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Por favor, use este identificador para citar o enlazar a este item: http://hdl.handle.net/10261/16593

The roles of food and water in the bioaccumulation of organochlorine compounds in high mountain lake fish

AutorCatalán, Jordi; Ventura, Marc ; Vives, Ingrid; Grimalt, Joan O.
Palabras claveOrganochlorine compounds
Organic Pollutants
Food web
High mountain lakes
Fecha de publicación15-jul-2004
EditorAmerican Chemical Society
CitaciónEnvironmental Science and Technology 38(16): 4269-4275 (2004)
ResumenAn integrated study encompassing the distribution of organochlorine compounds (OC) in water, food web (chironomids, terrestrial insects, cladocerans, mollusks, and cyanobacteria), and fish (brown trout) from a high mountain lake (Redon, Pyrenees) is reported. OC distributions in these compartments have been determined to assess their transport routes into fish. Food diets have been estimated by analysis of fish stomach content and food web stable isotopes (δ13C and δ15N). OCs with octanol−water partition coefficient (Kow) higher than 106 showed lower concentra tions in food than expected from theoretical octanol−water partition, indicating that the distribution of these compounds does not reach equilibrium within the life span of the food web organisms (ca. 1 year). On the other hand, the degree of biomagnification in fish increased with Kow, except in the case of the largest compound analyzed (seven chlorine substituents, PCB #180). OC exchange at fish gill and gut has been evaluated using a fugacity model based on the water, food, and fish concentrations. All compounds exhibited a net gill loss and a net gut uptake. A pseudostationary state was only achieved for compounds with log(Kow) < 6. Calculation of fish average residence times for the compounds in apparent steady state gave values of days to a few weeks for HCHs, 1 year for HCB and 4,4‘-DDE, and 2−3 years for 4,4‘-DDT and PCB#28 and PCB#52. Residence times longer than one decade were found for the more chlorinated PCB.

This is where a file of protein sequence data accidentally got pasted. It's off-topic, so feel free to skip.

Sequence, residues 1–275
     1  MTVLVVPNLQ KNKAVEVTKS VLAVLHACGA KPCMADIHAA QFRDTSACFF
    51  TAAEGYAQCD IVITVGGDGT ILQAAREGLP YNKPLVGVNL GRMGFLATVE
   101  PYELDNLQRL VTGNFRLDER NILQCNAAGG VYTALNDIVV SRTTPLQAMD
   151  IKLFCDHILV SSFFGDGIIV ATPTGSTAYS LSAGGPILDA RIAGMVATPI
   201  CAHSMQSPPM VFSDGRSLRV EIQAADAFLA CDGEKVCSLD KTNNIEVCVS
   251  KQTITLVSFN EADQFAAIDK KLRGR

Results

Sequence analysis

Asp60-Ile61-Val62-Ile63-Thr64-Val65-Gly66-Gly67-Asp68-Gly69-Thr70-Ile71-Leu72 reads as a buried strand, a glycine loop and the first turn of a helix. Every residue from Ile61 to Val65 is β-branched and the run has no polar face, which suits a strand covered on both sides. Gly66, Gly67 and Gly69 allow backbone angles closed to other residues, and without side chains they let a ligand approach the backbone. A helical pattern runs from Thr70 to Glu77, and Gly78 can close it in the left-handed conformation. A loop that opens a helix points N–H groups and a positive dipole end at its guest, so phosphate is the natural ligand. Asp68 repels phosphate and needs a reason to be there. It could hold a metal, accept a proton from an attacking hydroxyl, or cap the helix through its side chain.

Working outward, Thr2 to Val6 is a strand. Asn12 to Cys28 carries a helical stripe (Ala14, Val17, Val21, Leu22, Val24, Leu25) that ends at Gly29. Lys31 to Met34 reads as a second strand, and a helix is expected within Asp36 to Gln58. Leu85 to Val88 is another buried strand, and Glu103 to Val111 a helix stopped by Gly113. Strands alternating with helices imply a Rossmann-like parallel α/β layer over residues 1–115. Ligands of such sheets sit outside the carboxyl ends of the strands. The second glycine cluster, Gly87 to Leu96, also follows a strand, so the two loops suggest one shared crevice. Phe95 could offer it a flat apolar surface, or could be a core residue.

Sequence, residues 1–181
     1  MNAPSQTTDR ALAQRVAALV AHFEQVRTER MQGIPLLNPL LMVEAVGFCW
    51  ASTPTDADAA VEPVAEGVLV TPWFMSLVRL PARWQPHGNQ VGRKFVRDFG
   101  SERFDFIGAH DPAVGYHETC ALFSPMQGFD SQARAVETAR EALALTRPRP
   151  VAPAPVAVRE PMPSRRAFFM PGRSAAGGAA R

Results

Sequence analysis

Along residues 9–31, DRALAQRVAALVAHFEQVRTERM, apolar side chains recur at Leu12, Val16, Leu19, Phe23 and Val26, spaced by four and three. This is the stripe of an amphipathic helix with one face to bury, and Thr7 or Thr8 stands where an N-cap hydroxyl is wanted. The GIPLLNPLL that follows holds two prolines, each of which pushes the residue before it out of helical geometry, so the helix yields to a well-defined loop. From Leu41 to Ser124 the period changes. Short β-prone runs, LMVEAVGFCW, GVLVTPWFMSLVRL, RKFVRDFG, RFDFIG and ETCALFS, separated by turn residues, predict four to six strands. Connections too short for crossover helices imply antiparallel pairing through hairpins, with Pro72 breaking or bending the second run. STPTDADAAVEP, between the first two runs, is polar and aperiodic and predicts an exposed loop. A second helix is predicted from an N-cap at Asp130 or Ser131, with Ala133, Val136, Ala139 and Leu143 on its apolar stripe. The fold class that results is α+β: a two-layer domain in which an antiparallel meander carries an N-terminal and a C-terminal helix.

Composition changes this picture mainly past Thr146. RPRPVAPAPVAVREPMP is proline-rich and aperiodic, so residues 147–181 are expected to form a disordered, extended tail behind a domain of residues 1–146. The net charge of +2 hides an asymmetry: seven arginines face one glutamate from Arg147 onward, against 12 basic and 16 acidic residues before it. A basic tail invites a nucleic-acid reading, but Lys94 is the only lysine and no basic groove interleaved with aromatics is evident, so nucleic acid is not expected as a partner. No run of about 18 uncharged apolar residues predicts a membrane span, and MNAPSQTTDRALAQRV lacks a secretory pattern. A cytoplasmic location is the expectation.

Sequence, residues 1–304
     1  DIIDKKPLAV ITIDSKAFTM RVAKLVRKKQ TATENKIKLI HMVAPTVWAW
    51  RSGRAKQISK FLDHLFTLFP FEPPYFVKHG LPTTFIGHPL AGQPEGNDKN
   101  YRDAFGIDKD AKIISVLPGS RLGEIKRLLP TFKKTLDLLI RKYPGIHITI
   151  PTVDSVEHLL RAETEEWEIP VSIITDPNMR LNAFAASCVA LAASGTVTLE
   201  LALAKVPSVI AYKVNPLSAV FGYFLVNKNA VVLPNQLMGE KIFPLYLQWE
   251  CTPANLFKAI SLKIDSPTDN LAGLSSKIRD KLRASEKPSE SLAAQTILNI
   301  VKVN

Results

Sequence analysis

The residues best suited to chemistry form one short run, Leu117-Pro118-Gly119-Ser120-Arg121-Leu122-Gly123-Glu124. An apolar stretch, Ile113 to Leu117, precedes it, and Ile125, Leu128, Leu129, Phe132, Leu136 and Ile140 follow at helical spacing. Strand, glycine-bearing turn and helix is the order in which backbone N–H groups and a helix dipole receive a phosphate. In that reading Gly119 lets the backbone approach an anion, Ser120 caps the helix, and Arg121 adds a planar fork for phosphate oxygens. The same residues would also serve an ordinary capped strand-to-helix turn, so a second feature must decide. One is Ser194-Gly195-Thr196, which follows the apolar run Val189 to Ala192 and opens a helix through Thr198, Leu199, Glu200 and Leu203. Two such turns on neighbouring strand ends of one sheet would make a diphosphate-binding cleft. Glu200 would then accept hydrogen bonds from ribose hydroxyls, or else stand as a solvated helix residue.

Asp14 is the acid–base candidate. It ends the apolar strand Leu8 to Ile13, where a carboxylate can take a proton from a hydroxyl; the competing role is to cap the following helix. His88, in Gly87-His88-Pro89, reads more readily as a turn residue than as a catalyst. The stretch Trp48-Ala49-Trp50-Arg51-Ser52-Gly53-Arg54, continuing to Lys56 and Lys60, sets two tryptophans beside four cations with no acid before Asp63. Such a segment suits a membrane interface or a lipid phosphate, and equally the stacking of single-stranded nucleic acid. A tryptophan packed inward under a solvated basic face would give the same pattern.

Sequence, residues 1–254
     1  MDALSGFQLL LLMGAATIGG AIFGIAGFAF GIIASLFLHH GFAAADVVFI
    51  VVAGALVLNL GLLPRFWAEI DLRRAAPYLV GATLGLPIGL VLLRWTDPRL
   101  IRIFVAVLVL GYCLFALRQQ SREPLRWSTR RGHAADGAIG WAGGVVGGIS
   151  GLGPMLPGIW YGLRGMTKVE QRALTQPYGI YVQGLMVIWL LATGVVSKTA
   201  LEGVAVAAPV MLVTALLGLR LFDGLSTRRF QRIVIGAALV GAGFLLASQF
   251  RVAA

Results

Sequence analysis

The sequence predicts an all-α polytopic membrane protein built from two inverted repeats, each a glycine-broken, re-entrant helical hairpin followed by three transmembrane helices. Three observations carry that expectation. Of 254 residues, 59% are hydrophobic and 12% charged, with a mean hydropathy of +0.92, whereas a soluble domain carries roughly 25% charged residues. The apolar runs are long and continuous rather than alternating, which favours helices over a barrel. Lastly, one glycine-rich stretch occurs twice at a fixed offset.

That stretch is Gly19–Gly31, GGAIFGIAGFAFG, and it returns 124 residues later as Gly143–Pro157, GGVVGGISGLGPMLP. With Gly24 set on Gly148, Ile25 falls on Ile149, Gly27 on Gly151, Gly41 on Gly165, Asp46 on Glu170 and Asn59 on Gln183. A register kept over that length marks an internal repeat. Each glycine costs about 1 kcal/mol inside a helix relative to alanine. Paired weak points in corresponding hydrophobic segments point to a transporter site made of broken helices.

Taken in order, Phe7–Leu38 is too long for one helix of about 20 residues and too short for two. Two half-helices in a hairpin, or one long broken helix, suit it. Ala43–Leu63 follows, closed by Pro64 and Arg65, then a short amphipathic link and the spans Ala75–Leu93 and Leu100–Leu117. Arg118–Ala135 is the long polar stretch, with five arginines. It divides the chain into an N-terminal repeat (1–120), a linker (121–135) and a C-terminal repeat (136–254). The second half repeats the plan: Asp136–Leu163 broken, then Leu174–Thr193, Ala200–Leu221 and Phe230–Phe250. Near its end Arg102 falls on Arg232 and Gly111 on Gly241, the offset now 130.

Descripción7 pages, 4 figures, 5 tables.-- PMID: 15382852 [PubMed].-- Printed version published Aug, 15, 2004.
Versión del editorhttp://dx.doi.org/10.1021/es040035p
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